"The pump discharge pressure will change depending on the liquid," said the client's maintenance engineer. For the sake of decorum, I remained quiet and kept a poker face despite knowing he was wrong. For years, I had specified pumps in psi not head to avoid such confrontations. This and other misconceptions seem to run amok in engineering.
First, let's consider the pump head. In my opinion, head, where used, should be in feet of water at 68°F. Those are the conditions the Hydraulic Institute, an association of pump makers and users, chooses when it talks about pumps. The trouble with many pump curves is that they imply water is at 68°F but never state that. This leaves room for mischief.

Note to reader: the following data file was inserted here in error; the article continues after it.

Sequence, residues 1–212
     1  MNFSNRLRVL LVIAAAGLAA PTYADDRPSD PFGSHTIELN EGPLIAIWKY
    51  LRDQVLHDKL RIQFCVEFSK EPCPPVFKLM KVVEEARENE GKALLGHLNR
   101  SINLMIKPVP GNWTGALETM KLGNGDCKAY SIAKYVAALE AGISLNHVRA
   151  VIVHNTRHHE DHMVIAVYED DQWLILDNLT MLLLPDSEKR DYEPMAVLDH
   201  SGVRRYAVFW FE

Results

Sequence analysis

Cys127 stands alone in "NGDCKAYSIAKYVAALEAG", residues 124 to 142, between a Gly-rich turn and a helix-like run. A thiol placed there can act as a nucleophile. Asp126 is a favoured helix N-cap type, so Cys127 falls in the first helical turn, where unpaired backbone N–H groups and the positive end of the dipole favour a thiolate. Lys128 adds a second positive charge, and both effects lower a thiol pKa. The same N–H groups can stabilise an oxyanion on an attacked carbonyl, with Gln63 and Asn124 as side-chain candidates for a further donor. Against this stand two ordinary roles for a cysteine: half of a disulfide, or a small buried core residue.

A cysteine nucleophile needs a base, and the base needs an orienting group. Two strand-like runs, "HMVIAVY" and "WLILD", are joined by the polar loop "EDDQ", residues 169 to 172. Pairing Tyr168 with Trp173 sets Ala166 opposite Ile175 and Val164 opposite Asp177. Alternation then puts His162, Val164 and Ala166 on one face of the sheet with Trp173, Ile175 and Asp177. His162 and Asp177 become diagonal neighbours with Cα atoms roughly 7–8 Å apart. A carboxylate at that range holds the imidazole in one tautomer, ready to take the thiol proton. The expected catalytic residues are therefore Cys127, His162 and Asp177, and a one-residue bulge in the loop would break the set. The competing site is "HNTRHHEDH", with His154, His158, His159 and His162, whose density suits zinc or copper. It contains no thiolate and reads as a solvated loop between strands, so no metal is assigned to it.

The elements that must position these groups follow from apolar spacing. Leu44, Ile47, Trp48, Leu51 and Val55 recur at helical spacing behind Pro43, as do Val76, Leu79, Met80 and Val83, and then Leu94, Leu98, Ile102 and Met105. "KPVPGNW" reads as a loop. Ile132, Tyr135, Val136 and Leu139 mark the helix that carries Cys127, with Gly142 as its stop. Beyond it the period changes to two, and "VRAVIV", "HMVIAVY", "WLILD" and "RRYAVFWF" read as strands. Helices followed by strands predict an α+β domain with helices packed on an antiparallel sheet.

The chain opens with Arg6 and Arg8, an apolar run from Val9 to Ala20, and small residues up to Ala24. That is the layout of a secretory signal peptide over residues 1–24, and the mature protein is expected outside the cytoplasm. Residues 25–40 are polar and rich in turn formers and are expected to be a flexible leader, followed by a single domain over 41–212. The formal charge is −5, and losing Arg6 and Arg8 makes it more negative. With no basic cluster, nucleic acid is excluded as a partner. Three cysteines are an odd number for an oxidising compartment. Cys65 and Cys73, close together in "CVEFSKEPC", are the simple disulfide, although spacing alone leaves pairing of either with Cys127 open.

When you have discharge head (DH) and suction head (SH) in pressure, e.g., psi, the total dynamic head (TDH) is a fixed quantity (TDH = DH – SH). The pressure depends upon the specific gravity (SG) of the liquid versus that of water at 68°F. You might argue that using the density of water at 60°F would be more appropriate if the operating company uses that basis — but, remember, we're ordering a pump! If the head is in ft-liquid, as it is during energy balance calculations, then the pressure, unless converted, isn't known yet. If stated as a result in pressure, the value remains constant.